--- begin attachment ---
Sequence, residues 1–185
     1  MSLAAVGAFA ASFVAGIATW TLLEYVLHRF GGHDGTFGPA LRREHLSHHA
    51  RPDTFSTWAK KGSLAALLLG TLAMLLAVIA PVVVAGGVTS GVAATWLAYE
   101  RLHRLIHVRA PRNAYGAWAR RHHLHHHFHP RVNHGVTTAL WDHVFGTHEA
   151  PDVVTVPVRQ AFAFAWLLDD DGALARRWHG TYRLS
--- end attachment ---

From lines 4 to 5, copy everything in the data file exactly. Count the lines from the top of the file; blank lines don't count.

   101  RLHRLIHVRA PRNAYGAWAR RHHLHHHFHP RVNHGVTTAL WDHVFGTHEA
   151  PDVVTVPVRQ AFAFAWLLDD DGALARRWHG TYRLS